My Promise to Myself and My Children
This is a story shared by #MOFAS by a birth mother. Sharing of experiences is so important to prevention efforts as it really highlights the need for education and support. It also brings to our attention the understanding that women are not drinking alcohol during pregnancy because they want to harm their babies.
Written by a birth mother.
I am a single mother of three children. Each were prenatally exposed to drugs, alcohol, or a combination of both. I want to take the time to state that in no way did I use to intentionally harm any of my children. They are my greatest gift in this world. I grew up in a very low income household where my parents were divorced, and both of my parents, and their significant others used, abused, or sold drugs and/or alcohol. This was a normal environment for me. I received confirming messages from friends as well. In the community I was around, drinking and/ or using drugs, especially alcohol and marijuana, was not something too be looked down upon. Even while pregnant. The education piece just was not there. I had no knowledge of effects of prenatal exposure from alcohol, marijuana, or any other drug for that matter. There was no stigma associated with use during pregnancy. This was not a real issue, and the problems associated with our children were not because of our use. They were spoiled, bad, didn’t listen, or any other number of excuses. Again, this was because the education and knowledge was just not there for us.
At 23 years old, I was a mother of a three year old who had been prenatal exposed to marijuana, as well as a very disruptive home life. I also was using methamphetamines at this time on an all day every day basis. I had just found out I was pregnant. I used meth and marijuana my first month of pregnancy and started having severe complications due to a tear in my uterus. At this time, due to the meth and marijuana that was in my system I was referred to the Mother’s First program. I went to 70 days of inpatient treatment followed by a longer term inpatient/ halfway house program for 8 1/2 months. At this longer term program, my three year old son was able to come live there with me. The program provided child therapy for the children there. After my three-year-old’s first session the therapist came back and told me that my son didn’t know if I loved him or not. He didn’t know if anyone loved him. This was due to me rarely being around physically or emotionally, his father being in and out of prison due to his own addiction, and being bounced around from place to place. He also did not know if after I would leave if I would ever come back. Hearing this was the realization that my use had definitely negatively affected my child. I had felt that same exact way growing up. I promised myself then that I would learn as much as possible about being a mom as I could. This was also the start of my promise to myself and my children that I would get sober, stay sober, and work as hard as possible to change my life around for the better.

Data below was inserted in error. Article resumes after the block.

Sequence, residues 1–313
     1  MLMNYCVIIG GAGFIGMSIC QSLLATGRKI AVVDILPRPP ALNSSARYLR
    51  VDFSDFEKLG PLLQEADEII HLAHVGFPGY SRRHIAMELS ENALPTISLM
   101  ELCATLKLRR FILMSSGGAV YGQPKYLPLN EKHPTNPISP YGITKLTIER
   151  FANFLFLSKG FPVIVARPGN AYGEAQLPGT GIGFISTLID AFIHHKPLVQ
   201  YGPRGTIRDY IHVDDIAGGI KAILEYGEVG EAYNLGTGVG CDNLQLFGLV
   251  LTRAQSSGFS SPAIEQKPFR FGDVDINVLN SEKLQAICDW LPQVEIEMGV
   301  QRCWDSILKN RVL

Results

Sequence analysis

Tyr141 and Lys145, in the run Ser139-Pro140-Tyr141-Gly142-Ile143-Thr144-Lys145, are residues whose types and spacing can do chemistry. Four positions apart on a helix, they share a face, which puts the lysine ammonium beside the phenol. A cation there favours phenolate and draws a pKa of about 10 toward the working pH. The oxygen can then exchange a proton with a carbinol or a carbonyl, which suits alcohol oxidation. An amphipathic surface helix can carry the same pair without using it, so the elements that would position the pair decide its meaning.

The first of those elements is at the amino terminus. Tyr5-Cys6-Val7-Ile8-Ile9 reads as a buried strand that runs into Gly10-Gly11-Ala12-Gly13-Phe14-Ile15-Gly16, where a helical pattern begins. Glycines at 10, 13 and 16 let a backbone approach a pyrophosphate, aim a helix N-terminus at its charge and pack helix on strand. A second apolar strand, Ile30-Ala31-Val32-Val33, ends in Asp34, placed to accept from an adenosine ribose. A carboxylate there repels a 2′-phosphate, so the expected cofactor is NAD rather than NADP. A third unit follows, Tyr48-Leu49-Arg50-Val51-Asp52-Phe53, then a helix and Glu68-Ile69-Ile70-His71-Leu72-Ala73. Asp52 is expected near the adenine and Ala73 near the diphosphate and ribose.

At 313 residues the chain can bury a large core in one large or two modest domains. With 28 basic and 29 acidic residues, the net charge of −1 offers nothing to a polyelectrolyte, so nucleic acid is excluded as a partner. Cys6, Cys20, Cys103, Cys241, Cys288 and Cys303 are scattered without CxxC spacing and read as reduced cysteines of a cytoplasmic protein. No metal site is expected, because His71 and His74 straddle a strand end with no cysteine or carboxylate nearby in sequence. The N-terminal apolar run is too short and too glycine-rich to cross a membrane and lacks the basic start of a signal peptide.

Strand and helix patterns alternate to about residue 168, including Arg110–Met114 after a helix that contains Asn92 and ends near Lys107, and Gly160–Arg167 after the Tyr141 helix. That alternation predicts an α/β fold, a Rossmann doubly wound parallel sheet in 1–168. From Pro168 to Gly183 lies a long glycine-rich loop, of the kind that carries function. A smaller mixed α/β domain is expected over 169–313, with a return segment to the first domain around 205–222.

I am currently in active recovery and have been clean and sober for 21 months. I am currently still dealing with the effects that my prenatal use and lifestyle have had on my children. My oldest has had the most serve effects at this time. He is currently receiving therapy and skills services four times a week. I can say that he has improved tremendously in the last four years. I am currently in sober living, work full time, go to college, and an contracted through MOFAS. All of these opportunities have helped made me see that I can be greatly successful in life. It is a long hard road, but I wouldn’t change anything about where my life had taken me. I am an active and loving mother who is doing everything I can to help my children. I know today that I have made a million mistakes in life, but it ‘s not the end of the world. I am a great mother, person, and friend. I am working hard to continue to better myself and my children. I will not stop supporting and teaching as many women as I can to help them through their own struggles with addiction. Thank you for taking the time to read about my story.
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